Fifteen years of urban deer management: The fontenelle forest experience


  • Scott E. Hygnstrom,

    Corresponding author
    1. School of Natural Resources, 415 Hardin Hall, University of Nebraska, Lincoln, NE 68583-0974, USA
    • School of Natural Resources, 415 Hardin Hall, University of Nebraska, Lincoln, NE 68583-0974, USA.
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  • Gary W. Garabrandt,

    1. Fontenelle Nature Association, 1111 N Bellevue Boulevard, Bellevue, NE 68005, USA
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  • Kurt C. Vercauteren

    1. National Wildlife Research Center, United States Department of Agriculture-Animal and Plant Health Inspection Service-Wildlife Services, 4101 LaPorte Avenue, Fort Collins, CO 80521-2154, USA
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  • Associate Editor: Nielsen.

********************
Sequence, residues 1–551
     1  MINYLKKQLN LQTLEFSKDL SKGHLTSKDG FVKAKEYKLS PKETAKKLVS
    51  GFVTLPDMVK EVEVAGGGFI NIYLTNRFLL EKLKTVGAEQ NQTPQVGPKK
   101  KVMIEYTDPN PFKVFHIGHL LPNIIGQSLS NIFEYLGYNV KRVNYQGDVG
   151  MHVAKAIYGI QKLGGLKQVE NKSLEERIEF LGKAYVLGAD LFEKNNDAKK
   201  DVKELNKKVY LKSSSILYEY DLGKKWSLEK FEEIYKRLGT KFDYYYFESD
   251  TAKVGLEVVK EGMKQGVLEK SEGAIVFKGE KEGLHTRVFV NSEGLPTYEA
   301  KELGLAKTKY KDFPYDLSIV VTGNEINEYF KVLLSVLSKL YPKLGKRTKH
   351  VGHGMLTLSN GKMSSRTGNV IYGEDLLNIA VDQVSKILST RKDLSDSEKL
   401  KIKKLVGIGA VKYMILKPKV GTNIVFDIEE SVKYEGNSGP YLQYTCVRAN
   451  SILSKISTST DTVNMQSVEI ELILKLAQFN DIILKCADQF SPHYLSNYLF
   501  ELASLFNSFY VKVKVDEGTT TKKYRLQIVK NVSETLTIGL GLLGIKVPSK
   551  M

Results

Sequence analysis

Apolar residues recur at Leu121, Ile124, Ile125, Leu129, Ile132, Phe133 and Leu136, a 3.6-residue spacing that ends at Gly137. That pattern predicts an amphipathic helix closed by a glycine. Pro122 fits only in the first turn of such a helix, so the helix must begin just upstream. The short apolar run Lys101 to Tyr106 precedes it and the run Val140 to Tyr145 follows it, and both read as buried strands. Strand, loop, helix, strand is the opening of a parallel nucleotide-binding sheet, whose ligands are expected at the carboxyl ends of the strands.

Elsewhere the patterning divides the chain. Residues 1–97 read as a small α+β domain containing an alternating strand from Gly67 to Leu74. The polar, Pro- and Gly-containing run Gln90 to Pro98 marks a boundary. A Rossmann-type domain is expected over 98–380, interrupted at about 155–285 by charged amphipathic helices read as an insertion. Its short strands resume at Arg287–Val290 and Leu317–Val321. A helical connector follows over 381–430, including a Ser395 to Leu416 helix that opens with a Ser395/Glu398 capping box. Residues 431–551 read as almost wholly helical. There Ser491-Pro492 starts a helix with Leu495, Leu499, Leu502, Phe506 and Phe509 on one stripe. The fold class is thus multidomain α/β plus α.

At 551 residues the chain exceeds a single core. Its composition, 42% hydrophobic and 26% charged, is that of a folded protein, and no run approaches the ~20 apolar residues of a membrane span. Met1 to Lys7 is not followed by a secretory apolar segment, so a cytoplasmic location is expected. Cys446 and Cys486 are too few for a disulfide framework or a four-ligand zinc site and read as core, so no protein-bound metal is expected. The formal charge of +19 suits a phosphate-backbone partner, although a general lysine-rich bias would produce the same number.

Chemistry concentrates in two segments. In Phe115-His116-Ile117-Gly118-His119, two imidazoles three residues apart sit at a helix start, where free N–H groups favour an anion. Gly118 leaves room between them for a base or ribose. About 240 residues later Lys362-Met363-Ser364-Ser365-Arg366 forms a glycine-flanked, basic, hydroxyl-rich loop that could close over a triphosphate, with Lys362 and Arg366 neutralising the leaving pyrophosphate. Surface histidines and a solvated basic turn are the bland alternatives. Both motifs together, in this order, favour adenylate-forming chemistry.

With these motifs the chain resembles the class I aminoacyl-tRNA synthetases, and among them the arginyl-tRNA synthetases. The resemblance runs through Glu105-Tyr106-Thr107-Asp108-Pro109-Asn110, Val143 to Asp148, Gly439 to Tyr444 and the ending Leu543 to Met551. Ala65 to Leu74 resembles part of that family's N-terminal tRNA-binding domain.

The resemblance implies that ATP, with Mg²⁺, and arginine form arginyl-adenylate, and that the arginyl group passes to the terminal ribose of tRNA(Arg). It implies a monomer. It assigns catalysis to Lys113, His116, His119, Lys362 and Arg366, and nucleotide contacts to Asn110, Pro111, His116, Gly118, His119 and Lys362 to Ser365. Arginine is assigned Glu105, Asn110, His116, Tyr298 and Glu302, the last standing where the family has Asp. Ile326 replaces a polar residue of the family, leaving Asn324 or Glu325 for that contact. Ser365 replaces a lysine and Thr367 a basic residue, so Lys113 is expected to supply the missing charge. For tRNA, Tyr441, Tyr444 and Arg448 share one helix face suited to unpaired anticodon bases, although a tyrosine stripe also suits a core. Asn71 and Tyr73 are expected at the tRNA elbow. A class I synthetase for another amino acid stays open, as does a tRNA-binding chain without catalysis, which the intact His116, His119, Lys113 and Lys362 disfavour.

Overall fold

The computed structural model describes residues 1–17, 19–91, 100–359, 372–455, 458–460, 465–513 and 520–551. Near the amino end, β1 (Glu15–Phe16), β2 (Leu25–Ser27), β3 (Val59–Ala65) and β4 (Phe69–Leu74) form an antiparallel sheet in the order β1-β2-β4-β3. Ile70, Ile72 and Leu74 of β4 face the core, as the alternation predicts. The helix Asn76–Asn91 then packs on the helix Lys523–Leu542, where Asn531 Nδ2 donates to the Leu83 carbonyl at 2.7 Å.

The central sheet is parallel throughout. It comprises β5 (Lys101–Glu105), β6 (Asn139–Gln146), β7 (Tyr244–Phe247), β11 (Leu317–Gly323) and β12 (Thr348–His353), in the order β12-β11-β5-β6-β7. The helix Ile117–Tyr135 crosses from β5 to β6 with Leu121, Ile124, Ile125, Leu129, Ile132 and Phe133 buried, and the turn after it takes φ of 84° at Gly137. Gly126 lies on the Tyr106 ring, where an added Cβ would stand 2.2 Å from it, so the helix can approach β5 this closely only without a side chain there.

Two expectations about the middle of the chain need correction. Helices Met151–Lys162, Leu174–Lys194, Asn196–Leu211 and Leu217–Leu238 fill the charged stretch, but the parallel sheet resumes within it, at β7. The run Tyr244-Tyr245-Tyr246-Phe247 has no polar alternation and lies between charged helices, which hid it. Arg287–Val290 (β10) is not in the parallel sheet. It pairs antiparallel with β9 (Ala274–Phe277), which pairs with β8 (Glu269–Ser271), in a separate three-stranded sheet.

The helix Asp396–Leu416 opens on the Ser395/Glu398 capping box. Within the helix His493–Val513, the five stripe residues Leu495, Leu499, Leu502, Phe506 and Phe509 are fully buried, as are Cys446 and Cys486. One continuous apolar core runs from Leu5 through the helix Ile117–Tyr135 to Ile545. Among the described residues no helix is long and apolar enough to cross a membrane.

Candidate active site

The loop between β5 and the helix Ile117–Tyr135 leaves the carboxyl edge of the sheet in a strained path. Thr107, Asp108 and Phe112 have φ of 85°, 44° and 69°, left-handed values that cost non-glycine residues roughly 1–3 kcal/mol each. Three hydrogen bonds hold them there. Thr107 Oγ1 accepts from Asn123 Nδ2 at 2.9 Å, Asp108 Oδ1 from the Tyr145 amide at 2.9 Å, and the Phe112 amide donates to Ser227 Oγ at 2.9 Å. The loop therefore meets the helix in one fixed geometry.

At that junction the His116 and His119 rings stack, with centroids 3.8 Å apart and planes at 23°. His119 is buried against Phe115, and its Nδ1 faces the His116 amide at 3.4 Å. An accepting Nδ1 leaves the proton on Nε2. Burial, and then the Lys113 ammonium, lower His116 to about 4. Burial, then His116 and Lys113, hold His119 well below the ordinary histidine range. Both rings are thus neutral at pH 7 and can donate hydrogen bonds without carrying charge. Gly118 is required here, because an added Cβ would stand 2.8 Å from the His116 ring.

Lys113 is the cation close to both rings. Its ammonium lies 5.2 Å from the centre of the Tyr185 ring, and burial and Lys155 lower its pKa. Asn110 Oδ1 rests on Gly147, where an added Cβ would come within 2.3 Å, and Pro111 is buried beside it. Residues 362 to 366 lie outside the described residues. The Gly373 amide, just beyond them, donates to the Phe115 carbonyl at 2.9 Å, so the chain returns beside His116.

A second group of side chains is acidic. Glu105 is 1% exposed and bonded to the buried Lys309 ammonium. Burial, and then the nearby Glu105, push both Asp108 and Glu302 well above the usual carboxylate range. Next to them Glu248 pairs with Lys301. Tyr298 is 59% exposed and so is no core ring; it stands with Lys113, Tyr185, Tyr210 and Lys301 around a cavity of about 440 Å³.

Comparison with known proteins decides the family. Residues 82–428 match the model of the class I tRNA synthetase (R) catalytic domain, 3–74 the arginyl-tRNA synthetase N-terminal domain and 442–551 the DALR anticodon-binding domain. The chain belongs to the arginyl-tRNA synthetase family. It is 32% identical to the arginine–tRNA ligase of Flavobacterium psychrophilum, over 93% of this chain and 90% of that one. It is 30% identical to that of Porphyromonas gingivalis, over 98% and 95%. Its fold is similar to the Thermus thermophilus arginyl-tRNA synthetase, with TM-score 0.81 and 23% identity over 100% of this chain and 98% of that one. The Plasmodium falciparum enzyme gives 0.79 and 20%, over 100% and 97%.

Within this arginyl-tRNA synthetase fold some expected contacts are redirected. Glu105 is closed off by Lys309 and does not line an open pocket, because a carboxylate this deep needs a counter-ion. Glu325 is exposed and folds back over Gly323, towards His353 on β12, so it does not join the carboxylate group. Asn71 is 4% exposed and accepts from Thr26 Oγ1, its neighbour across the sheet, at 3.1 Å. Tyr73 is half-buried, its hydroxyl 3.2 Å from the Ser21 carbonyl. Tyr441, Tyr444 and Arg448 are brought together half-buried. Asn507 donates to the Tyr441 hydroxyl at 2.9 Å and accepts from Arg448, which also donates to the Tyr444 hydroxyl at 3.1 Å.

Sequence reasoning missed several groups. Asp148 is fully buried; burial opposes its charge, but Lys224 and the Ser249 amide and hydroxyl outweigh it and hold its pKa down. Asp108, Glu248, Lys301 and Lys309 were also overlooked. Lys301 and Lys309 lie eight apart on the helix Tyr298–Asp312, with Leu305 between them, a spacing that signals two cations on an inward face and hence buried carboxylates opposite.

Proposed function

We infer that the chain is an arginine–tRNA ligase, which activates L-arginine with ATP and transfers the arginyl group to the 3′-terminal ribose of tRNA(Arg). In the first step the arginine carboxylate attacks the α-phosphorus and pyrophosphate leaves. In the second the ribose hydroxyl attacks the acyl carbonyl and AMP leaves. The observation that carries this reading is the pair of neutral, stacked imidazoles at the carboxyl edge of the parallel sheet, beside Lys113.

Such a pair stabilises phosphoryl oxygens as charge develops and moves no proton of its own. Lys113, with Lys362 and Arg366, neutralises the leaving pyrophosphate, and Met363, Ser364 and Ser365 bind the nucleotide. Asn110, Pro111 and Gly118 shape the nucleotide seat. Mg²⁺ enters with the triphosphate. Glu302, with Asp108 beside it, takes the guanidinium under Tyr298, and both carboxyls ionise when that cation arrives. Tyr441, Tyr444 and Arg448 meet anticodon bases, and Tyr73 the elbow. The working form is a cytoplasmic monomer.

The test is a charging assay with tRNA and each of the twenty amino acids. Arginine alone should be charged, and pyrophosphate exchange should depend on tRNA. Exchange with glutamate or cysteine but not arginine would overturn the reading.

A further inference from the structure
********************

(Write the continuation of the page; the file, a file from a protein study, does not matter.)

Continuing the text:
Fontenelle Forest (FF) is a 16.5-km2 serene natural area surrounded by a developed landscape, including Omaha and Bellevue, Nebraska, USA. An overabundant population of white-tailed deer (Odocoileus virginianus) degraded the local forest. In January 1995, we estimated the density of deer at 27 deer/km2 in FF and the adjacent Gifford Point Wildlife Management Area (GP) and Bellevue residential (BR) area. We engaged in a public process to establish a deer management program in this developed landscape and learned from 15 years of experience. Formation of the Bellevue Deer Task Force led to implementation of controlled deer-hunting seasons from 1996 to present. Total annual harvest of white-tailed deer by archery and muzzleloader hunters at FF ranged from 28 in 1996 to 140 in 2006. Mean success rates of archery (52%) and muzzleloader hunters (93%) at FF were high compared to other areas. Densities of white-tailed deer in the study area declined from 27 deer/km2 in 1995 to 15 deer/km2 in 2006, though harvest and deer were not evenly distributed across the landscape. By 2006, densities of deer were near overwinter goals in the hunted FF lowlands, FF uplands, and GP lowlands (7 deer/km2, 5 deer/km2, and 13 deer/km2, respectively), but they remained relatively high in the adjacent unhunted BR area (30 deer/km2). Native plant communities were severely overbrowsed in the study area through 1995, influencing their structure and composition, but signs of recovery were apparent in areas where controlled hunting reduced densities of deer to <6 deer/km2. Controlled hunts at FF have reduced densities of deer in the immediate area to tolerable levels and have been accepted by area residents, with relatively little media coverage and public scrutiny. Total costs of controlled (US$120/deer) and depredation hunts (US$70/deer, 2010 prices) were low compared to other areas and methods. Common themes of the 15-year management program included cooperation, communication, leadership, research-based management, adaptive management, persistence, and resources. © 2011 The Wildlife Society.